1. Listen To Your Body
Without a doubt, “listening to your body” is number one on my must-do list of training tips for older runners. However, I believe all runners ought to be doing this regardless of age. Young or aging, new or experienced, runners need to make a concerted effort to listen to what their bodies are communicating to them. However, for the aging runner, it’s especially critical for continued success and avoiding injuries that could derail training.
So, what exactly does it mean to “Listen to your Body”? First and foremost, it’s really just about having an awareness of what or how your body is feeling in the moment as you engage in exercise. Second, It’s about using this real-time information to assess your current physical status relative to what you consider to be “your” norm. It’s another way of saying that you are in “tune” with your current physical status. In other words, you are constantly aware of how you are feeling and what you are feeling. Ideally, you are periodically and methodically assessing your body throughout your workout.
You will want to perform a quick self assessment while running. In the beginning for example, you may ask yourself questions such as: Are my calf muscles or achilles tendons feeling tighter than usual? Are my shoulders tight or hunched? Feeling really thirsty? Am I breathing harder than usual for the pace I am running? Is that a hot spot I feel on my heel? What’s that sharp pain I’m feeling on the lateral side of my knee? Am I slightly favoring my left side with every foot strike? Start with your head and neck and work your way down to your toes. Eventually you’ll do this without even thinking.
You easily recognize when you feel good and everything seems right vs. when you do not. It’s more about developing your ability to discern normal soreness, tension, fatigue, or discomfort from a potentially brewing injury. More importantly, you will want to learn to recognize and interpret those gray areas along the spectrum between feeling good and feeling bad on a run. Sometimes you may need to adjust your workout on the fly. That’s why a proper warm up is important. Finally, It’s about honing your ability to feel or sense your status and condition at all times, and not just when you are running or exercising.
Older Runners Need To Take Action
The information we derive from self assessment and awareness is just one side of the same coin. Let’s be honest, the feedback is really kind of meaningless if it isn’t appropriately acted upon in a timely manner, especially when things really aren’t feeling normal, right? You need to know when not push it, or when to call it a day and perhaps cut the session short. It may also mean knowing you need to have an extra recovery day, and having the confidence to take it, even though your schedule says otherwise. As runners, sometimes we are our own worst enemy. Frankly, that’s where having a personal coach really comes in handy. If you are communicating with your coach, they will tell you when you need more recovery time. Think of this process of bodily assessment as your personal diagnostic “check engine” light, meaning that when its “on” you’ve now been alerted to something that’s not to be ignored. You want to nip possible issues in the bud, not let them linger and fester into full-fledged problems that will hinder your training.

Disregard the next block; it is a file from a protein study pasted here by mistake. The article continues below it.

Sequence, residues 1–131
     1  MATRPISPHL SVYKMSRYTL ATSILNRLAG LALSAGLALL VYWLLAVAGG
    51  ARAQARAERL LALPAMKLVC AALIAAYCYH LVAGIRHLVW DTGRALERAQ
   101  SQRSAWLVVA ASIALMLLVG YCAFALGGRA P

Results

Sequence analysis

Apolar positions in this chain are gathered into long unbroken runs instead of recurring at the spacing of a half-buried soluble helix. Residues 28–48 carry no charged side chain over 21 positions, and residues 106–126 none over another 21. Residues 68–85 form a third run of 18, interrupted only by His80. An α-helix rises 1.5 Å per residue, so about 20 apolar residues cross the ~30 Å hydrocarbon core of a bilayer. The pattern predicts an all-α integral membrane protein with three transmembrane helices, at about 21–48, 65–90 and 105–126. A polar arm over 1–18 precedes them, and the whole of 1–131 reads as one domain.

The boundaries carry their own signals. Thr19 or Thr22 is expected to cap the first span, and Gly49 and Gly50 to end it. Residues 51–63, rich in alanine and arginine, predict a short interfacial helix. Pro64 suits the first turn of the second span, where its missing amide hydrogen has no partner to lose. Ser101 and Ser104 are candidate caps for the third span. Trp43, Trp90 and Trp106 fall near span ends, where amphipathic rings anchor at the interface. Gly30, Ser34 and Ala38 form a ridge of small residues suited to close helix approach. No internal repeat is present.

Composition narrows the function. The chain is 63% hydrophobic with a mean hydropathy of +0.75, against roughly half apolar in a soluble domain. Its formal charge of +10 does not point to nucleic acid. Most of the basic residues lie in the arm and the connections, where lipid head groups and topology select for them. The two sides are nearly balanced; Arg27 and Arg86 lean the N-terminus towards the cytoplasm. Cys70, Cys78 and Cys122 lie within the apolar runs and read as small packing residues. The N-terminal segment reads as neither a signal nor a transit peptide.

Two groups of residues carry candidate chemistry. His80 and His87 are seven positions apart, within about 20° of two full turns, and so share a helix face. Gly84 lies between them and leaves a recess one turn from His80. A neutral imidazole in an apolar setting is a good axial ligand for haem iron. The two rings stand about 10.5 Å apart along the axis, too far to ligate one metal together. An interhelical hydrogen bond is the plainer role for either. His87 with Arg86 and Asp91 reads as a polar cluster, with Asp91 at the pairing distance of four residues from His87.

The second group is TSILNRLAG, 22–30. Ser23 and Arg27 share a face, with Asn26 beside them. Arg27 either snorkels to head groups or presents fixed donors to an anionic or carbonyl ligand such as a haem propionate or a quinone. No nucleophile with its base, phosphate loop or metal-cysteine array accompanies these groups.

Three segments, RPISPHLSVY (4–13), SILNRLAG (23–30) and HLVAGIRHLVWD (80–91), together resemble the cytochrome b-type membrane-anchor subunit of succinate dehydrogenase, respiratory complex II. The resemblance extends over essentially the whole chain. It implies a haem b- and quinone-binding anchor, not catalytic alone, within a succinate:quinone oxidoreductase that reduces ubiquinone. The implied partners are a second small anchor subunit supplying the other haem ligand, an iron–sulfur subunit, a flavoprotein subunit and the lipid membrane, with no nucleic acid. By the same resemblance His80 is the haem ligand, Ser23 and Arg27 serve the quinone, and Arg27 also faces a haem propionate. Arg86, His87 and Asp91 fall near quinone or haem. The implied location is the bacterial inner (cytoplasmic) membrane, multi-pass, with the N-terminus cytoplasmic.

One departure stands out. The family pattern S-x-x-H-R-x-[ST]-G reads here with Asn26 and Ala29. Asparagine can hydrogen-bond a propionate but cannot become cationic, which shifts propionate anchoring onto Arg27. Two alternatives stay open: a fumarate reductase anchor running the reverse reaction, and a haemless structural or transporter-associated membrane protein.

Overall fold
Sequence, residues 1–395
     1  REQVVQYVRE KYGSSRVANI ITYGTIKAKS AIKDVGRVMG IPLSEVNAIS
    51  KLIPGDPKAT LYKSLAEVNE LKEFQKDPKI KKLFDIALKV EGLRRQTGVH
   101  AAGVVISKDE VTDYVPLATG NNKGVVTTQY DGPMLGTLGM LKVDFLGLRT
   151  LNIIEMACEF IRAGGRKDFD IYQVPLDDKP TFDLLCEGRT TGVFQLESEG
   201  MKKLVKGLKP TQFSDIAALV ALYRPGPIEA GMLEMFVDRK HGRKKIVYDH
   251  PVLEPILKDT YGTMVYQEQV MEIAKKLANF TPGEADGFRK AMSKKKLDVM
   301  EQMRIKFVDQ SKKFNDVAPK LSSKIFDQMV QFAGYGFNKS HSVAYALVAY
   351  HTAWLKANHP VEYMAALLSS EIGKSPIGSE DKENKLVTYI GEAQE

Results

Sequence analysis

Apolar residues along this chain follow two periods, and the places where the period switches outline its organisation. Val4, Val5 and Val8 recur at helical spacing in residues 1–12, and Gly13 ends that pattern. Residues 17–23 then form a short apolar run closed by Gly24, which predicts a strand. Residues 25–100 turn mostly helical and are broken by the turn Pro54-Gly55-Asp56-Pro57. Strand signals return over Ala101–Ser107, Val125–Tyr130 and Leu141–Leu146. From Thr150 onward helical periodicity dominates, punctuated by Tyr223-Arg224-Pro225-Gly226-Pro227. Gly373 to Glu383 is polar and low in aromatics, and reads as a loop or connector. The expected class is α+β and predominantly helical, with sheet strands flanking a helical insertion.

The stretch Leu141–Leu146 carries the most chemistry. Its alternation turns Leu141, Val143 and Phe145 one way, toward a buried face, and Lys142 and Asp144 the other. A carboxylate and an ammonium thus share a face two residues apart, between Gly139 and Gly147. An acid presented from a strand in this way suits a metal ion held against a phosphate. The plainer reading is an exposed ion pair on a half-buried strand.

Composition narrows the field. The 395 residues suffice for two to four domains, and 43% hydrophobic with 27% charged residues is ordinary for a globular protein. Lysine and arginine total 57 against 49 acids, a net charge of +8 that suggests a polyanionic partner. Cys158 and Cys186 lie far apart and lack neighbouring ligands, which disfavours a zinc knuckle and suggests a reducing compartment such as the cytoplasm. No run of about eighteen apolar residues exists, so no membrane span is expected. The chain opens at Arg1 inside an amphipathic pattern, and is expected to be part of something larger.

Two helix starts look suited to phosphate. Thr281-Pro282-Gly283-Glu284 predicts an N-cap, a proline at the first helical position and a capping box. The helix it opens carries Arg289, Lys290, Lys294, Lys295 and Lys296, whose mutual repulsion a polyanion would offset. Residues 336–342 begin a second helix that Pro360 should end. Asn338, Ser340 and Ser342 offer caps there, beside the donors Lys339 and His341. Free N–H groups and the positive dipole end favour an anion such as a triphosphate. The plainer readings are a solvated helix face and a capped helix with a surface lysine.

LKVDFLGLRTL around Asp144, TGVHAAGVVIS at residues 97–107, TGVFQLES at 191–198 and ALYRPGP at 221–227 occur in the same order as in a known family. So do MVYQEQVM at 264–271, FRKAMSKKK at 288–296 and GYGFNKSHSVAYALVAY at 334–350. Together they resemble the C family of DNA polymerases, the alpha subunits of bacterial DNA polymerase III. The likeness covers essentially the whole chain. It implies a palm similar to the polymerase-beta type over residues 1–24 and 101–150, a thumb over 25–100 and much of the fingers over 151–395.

2. Don’t Skimp On Your Recovery Time
Providing yourself with adequate recovery time between work sessions is especially important for the older runner. It can mean the difference between making steady progress or incurring an overuse injury. The reality is that it goes hand-in-hand with “Listening to your body”. Think of it this way, how will you know how much recovery time you need post-workout if you aren’t “listening” to the subtle signals your body is communicating to you?
As an aging runner, you really need to allow yourself plenty of recovery time between “quality” work sessions. Providing adequate recovery between higher effort sessions is extremely important to getting the most out of your training, staying healthy and injury free. Many runners let their training schedule strictly dictate when and how much rest and recovery they take without taking into account the feedback from their bodies. It’s unfortunate that so many runners treat their training schedules as if they were written in stone. You have to ask yourself, does this sound like a good approach?